For the Jews, the Law given to Moses, and the prophecy and Wisdom given in the Hebrew scrolls were the Bread of Life. In John’s understanding, Jesus not only gave Law and Wisdom and Prophecy, he was them. He was The Word, he was The Bread of Life. His coming meant the end of the old order of Law and Temple and festivals. John’s Gospel constantly shows him reinterpreting these things and replacing them with an emphasis on belief and faith in himself. Those who could not accept this, like the leaders of the Jewish people, remained in the darkness and were destined to die. Those who did believe, however, walked in the light, and were already experiencing eternal life.

This talk would have seemed blasphemous to the traditional Jewish believers who heard it. Even more horrifying to a people who drained the blood from the meat they ate, would have been talk of ‘drinking my blood and eating my flesh’. If we do not find it so, it is only because long years of hearing eucharistic language have inoculated us to the overtones of what Jesus is shown as saying.

Scholars believe that John’s Gospel was written towards the end of the first century. It was written for a community facing a crisis of confidence. The first disciples, including the beloved disciple around whom the community had gathered, were dying, and there was a risk that the Christians who remained would lose touch with the memory of what Jesus taught. Jesus had not yet returned in triumph, as they expected he would. After the fall of Jerusalem, the exiled Jewish community was drawing lines around itself, demanding strict adherence to the Pharisees’ understanding of Judaism, and excluding as heretics those who saw things differently, including Christians.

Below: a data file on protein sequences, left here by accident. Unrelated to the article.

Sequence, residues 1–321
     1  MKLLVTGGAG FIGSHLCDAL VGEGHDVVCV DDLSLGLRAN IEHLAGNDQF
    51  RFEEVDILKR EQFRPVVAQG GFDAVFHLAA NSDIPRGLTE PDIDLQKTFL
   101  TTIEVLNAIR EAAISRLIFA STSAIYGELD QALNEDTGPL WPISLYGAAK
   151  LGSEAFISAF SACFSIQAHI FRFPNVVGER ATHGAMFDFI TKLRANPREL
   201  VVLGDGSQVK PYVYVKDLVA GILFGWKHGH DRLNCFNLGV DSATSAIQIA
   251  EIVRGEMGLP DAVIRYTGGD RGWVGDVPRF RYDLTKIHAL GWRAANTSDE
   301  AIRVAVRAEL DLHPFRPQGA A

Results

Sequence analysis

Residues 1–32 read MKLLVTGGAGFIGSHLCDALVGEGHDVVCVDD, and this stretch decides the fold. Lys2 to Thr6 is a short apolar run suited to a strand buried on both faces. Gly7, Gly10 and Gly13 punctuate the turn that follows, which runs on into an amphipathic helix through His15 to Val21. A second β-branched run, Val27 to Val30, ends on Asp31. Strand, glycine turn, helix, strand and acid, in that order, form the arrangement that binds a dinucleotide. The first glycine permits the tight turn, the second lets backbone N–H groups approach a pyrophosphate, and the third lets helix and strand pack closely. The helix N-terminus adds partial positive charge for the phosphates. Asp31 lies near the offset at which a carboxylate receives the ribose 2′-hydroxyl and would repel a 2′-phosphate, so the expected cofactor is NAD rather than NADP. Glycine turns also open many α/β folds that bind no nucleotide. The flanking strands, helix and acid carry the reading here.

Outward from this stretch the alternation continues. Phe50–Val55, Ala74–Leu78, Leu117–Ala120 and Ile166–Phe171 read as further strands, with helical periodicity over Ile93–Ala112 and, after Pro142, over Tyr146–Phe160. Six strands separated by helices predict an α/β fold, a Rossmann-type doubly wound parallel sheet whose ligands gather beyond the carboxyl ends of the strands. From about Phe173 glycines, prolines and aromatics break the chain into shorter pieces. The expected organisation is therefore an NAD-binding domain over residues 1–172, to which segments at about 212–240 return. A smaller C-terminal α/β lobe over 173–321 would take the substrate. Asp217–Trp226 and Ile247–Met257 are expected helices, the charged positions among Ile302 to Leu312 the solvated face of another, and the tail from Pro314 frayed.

In response to this situation of crisis, John’s Gospel provides a picture of a supremely confident Jesus, who was misunderstood by the Jewish leaders of his time, but knew he would replace their religion with one centred on himself. It provides a picture of a community which is united to the source of life through faith, and which continues to be taught by the Spirit as it was taught by the human Jesus. It provides a picture of a community that does not have to wait for the Second Coming in order to enjoy eternal life, because through baptism and the Eucharist, it has entered into eternal life already.